Patients and caregivers: Doctors are asking for your insights, experiences and concerns about this new generation of monoclonal antibody Alzheimer's drugs.
Last week I had the opportunity to be the guest speaker of Grand Rounds at the Memory and Aging Center at the University of California San Francisco. In the audience were doctors, scientists, and health care workers who specialize in neurology. I was told I was an unusual speaker for this regular UCSF event, given that usually, the featured guest is a scientist presenting their latest research.
Your stories are powerful. And thanks to all of the insights you have shared, I was able to tell the audience about patient and caregiver perspectives on Alzheimer’s they don’t always have access to: with early signs and symptoms, misdiagnoses, and what it means to truly live life with dementia.
After the talk, I spoke with a few of the neurologists, and interestingly, I got a glimpse of some of their biggest shared concerns right now: The landscape of Alzheimer’s treatment is undergoing a major evolution with the approval of two monoclonal antibody drugs — “anti-amyloid” Alzheimer’s drugs Aduhelm and Leqembi — so far.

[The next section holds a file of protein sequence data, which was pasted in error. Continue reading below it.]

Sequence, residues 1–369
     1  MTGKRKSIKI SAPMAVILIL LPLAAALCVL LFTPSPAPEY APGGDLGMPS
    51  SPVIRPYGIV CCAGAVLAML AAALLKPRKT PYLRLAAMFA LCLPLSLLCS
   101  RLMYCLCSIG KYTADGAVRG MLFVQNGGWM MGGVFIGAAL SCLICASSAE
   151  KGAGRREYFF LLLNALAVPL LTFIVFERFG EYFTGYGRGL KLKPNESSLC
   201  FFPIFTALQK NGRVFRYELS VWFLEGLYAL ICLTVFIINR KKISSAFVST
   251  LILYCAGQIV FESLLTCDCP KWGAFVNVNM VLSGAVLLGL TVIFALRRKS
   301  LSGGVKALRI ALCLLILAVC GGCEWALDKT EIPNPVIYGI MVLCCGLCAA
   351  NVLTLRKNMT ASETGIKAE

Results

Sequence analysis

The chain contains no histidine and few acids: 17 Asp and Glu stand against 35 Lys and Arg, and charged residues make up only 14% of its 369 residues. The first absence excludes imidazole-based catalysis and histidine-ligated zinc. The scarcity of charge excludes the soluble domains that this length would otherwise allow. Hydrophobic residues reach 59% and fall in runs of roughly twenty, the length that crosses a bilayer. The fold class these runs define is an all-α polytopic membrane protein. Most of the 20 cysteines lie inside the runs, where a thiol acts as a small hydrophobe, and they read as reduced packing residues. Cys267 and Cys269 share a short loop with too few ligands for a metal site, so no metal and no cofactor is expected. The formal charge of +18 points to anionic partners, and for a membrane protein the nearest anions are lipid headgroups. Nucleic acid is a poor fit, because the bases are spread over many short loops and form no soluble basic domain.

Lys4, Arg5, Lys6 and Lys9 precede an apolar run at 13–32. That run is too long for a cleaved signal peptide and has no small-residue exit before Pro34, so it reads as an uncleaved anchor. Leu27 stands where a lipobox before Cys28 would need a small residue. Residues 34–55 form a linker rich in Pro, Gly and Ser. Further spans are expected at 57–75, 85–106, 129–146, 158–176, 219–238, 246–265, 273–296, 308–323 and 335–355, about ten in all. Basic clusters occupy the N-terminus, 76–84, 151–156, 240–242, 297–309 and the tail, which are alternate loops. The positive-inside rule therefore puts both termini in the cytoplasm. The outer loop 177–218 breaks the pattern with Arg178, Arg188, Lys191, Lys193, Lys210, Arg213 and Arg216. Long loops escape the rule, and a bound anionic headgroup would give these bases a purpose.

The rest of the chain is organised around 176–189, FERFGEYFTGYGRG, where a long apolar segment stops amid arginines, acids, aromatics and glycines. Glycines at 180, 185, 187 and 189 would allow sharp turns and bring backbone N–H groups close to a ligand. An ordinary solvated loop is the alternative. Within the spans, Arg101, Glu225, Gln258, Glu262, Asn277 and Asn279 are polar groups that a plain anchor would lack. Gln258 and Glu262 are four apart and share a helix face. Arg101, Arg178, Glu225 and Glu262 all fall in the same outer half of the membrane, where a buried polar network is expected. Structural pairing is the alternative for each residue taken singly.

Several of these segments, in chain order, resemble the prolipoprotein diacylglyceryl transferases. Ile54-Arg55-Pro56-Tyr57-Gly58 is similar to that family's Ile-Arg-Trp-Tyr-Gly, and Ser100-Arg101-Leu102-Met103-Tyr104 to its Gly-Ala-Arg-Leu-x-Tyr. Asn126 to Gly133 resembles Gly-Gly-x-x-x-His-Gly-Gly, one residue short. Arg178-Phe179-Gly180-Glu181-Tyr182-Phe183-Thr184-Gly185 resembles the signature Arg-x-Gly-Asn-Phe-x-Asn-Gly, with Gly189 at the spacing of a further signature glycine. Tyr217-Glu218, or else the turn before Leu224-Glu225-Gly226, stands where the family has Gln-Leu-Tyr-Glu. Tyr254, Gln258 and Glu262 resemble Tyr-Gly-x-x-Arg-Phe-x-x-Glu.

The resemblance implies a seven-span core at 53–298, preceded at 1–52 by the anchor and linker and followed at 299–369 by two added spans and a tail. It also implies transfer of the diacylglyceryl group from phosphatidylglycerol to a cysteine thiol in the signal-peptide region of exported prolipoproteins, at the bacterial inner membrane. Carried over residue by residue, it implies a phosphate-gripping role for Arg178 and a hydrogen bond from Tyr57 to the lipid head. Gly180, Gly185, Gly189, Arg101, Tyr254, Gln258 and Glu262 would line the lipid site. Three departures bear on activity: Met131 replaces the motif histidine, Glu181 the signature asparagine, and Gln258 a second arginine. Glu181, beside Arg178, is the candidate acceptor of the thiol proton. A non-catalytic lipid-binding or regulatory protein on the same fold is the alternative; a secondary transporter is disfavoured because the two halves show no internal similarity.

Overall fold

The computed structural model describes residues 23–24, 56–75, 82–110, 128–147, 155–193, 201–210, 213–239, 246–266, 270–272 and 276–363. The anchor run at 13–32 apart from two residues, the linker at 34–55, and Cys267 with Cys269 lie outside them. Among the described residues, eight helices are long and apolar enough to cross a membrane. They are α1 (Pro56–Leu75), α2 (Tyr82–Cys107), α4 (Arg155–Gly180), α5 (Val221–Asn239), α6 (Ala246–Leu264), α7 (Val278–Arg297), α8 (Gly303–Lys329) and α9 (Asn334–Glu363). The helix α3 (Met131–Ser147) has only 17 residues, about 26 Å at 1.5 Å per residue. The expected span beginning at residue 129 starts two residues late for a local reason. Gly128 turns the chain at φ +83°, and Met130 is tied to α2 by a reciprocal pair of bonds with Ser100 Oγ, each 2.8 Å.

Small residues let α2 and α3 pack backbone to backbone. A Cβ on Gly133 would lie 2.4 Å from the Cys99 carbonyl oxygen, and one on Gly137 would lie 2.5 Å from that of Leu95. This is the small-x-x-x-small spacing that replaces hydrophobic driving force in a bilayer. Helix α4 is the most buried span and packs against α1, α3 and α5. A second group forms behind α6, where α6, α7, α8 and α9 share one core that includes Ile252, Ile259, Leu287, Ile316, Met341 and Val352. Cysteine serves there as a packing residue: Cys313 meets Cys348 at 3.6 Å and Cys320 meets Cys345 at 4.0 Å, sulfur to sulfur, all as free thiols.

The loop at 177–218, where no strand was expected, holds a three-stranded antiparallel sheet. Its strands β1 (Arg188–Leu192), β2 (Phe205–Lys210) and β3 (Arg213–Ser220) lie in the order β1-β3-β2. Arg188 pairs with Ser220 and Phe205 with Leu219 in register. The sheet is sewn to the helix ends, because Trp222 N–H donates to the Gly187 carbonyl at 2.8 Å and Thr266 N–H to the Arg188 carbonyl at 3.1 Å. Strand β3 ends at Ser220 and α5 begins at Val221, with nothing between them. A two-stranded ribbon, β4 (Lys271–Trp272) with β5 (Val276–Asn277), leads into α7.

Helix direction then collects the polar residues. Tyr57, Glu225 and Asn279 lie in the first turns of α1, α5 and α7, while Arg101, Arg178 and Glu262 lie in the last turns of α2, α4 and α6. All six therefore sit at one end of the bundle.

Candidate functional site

One of the doctors asked me if I had any clues as to how they should be speaking to patients about this new world of Alzheimer’s drugs. It’s an important question, because there are still a lot of unknowns about these drugs, and further, not all patients have easy access to them. It got me thinking how great it would be to get more input from you, our community, so that we could create a report for doctors — driven by what questions you may have — about how they can be more helpful to patients.
So, we’ve designed a quick survey on “The New Alzheimer’s Drugs.” It should only take a few minutes of your time. If you could please take a moment to answer these questions, we will both publish what we learn from you, and we’ll create a guide for medical professionals highlighting patient concerns and questions. (We’ll share that with you, too!) Your information will always remain anonymous and private. Part of our mission is to elevate patient and caregiver insights. We believe that’s the only way to truly understand — and effectively treat — Alzheimer’s disease and other dementias.